Why 'PEN15' Is Unlike Any Other Coming-Of-Age Comedy On TV

Alex Lombardi

Whether corny or poignant, raunchy or straight-laced, TV is currently saturated with coming-of-age stories: grown-ish, Big Mouth, the newly debuted Sex Education. But Hulu's PEN15, premiering Feb. 7, puts a spin on the genre that hasn't been seen before. It's unclear if PEN15 will return for Season 2, but the comedy certainly won't be forgotten — no matter what its future holds.

Update: Hulu has renewed PEN15 for Season 2, according to a press release.

Earlier: The show stars Maya Erskine and Anna Konkle (who also created the series) as teen versions of themselves trying to navigate the muddy waters of middle school. And yes, you read that correctly: two grown women portray adolescent caricatures of their own past selves, while actual middle school students fill the rest of the cast. To say that the premise paints a funny picture is an understatement.

Per Deadline, Hulu ordered 10 episodes of PENI5 after an 11-minute presentation by Erskine and Konkle sold the company on the premise. That report, published in August 2018, appears to be the last news about the show's pickups. Though no second season has been ordered just yet, reviews of PEN15 have been pretty favorable, and there are some big names behind the show that'll be lobbying for its success.

According to the same Deadline piece, executive producers of PEN15 include Andy Samberg, Akiva Schaffer, and Jorma Taccone of the Lonely Island. And the company behind the show — AwesomenessTV — has already had success with other Hulu shows like Freakish and All Night.

Judging by coverage of PEN15, the 2000-set comedy has already struck a chord with critics. Jen Chaney said in her Vulture review that she hopes there are several more seasons following the first, and that its throwback vibe will mean a lot to anyone who grew up in the same era as the show's protagonists.

"With its attention to the details of American life in the year 2000, idiosyncratic protagonists, and mix of brutal honesty and gentle poignance, PEN15 is an ideal blend of Freaks and Geeks and Napoleon Dynamite," Chaney wrote, adding that "the show is so relatable and well-written that even if you’re too old or too young to have hit puberty around the time of Y2K, you're still likely to be charmed by it."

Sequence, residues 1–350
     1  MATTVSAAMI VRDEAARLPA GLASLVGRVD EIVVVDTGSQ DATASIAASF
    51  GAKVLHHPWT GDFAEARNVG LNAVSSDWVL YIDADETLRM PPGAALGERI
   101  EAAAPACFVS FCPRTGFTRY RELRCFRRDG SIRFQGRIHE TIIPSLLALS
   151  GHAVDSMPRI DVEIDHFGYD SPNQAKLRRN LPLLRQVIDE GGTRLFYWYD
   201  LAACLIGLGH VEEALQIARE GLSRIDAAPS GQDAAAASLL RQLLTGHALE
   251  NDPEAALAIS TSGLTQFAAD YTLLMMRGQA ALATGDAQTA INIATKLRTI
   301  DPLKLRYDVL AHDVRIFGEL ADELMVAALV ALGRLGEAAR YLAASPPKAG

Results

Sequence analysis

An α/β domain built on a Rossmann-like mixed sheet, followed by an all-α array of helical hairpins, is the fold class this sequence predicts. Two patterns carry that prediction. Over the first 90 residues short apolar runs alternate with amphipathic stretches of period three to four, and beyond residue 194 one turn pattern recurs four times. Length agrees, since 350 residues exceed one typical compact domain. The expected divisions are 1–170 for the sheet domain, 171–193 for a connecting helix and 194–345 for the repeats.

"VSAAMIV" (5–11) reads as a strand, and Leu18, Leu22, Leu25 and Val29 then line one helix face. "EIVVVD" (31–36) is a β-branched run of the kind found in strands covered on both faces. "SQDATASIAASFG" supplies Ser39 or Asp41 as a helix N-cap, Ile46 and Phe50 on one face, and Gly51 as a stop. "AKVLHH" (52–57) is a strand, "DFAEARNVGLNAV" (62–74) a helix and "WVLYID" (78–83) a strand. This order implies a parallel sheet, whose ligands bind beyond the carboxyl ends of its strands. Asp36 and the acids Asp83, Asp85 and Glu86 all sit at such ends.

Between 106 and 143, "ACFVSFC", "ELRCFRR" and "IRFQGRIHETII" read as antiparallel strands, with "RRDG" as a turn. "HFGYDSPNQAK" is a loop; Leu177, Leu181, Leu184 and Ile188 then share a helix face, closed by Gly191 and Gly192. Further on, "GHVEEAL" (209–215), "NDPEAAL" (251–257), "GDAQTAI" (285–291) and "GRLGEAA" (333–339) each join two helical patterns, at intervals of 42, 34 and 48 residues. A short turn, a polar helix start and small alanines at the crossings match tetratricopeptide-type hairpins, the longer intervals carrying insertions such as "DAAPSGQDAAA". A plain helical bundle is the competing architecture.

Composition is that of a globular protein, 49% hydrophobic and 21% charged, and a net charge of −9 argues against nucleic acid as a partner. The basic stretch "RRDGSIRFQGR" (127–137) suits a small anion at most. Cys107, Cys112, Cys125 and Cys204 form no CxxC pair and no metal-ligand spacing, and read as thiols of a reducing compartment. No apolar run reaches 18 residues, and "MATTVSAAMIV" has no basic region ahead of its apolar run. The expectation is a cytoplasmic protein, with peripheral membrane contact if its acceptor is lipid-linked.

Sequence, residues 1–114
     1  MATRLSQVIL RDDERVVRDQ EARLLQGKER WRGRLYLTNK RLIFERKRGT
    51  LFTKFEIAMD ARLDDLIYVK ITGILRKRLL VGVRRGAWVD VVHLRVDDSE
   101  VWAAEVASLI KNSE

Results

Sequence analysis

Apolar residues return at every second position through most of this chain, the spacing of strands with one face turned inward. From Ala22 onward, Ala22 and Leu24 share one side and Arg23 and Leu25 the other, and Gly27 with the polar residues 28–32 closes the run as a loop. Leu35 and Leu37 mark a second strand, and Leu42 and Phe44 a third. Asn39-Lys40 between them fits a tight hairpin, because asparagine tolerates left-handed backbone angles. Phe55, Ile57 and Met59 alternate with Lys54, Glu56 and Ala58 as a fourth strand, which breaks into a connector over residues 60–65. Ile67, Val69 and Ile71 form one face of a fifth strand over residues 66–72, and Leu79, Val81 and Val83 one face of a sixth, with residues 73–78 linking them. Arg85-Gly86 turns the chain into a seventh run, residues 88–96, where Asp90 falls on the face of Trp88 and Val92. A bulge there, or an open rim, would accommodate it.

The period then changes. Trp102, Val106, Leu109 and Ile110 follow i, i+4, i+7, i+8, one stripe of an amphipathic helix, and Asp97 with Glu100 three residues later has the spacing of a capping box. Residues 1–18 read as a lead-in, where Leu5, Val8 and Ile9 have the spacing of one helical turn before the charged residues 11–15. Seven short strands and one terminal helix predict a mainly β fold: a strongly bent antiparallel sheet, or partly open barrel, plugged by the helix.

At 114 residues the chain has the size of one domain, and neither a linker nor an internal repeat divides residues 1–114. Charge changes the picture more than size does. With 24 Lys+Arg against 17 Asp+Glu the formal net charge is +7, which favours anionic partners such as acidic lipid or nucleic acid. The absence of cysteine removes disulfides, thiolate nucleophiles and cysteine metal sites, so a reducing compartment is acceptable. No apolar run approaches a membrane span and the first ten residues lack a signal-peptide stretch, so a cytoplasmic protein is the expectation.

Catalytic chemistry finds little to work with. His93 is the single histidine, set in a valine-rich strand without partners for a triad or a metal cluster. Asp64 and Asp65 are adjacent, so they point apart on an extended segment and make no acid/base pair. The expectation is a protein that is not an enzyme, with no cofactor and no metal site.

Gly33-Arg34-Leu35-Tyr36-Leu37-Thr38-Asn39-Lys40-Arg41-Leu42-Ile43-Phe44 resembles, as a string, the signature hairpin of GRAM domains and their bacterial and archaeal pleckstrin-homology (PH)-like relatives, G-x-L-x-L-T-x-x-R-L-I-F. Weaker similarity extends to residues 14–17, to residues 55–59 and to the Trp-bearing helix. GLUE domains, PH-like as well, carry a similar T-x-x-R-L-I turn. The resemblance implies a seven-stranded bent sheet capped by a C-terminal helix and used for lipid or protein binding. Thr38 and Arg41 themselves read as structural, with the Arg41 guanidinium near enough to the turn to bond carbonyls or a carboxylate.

Alex Lombardi

Decider's Lea Palmieri also praised PEN15's dedication to its aesthetic, and drew parallels between the freshman series and another side-splitting comedy that's made a splash in recent years. "Erskine and Konkle are early frontrunners for the year’s best TV besties, making a pact to try everything at the same time from substances to sex stuff, with some of the exploring? experimenting? adjusting? to their changing bodies playing out like a live action Big Mouth scene," she wrote.

There are other critics who weren't quite as favorable — Tim Goodman wrote for The Hollywood Reporter that despite strong leads and unrelenting realism, PEN15 feels to him as "more skit than show." "If not for the all-in efforts of Erskine and Konkle ... the series would be instantly more forgettable," he wrote. That may not be a glowing review, but it does show that even among those who aren't completely sold just yet, Erskine and Konkle are definitely nailing the tone.

It's too early to tell if PEN15 will return with another batch of episodes, but it's clear that the team behind it has an undying wealth of dedication. Fans will be waiting on an announcement for a little while longer, but at least they'll have 10 nostalgic episodes to keep them company while they do.

This post was updated on May 1, 2019.